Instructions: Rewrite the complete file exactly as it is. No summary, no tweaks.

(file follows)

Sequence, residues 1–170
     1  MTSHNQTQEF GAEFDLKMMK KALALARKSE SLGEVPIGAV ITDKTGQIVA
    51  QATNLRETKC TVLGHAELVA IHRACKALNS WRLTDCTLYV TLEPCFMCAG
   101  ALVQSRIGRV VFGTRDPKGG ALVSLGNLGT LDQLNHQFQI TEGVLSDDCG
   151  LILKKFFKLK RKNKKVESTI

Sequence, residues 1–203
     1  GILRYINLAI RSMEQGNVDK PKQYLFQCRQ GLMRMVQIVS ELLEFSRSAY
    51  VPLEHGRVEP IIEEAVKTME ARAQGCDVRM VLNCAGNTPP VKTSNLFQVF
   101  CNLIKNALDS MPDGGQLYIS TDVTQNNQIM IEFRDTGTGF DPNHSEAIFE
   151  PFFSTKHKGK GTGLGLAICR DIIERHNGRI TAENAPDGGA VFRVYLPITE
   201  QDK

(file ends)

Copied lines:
Sequence, residues 1–170
     1  MTSHNQTQEF GAEFDLKMMK KALALARKSE SLGEVPIGAV ITDKTGQIVA
    51  QATNLRETKC TVLGHAELVA IHRACKALNS WRLTDCTLYV TLEPCFMCAG
   101  ALVQSRIGRV VFGTRDPKGG ALVSLGNLGT LDQLNHQFQI TEGVLSDDCG
   151  LILKKFFKLK RKNKKVESTI

Sequence, residues 1–203
     1  GILRYINLAI RSMEQGNVDK PKQYLFQCRQ GLMRMVQIVS ELLEFSRSAY
    51  VPLEHGRVEP IIEEAVKTME ARAQGCDVRM VLNCAGNTPP VKTSNLFQVF
   101  CNLIKNALDS MPDGGQLYIS TDVTQNNQIM IEFRDTGTGF DPNHSEAIFE
   151  PFFSTKHKGK GTGLGLAICR DIIERHNGRI TAENAPDGGA VFRVYLPITE
   201  QDK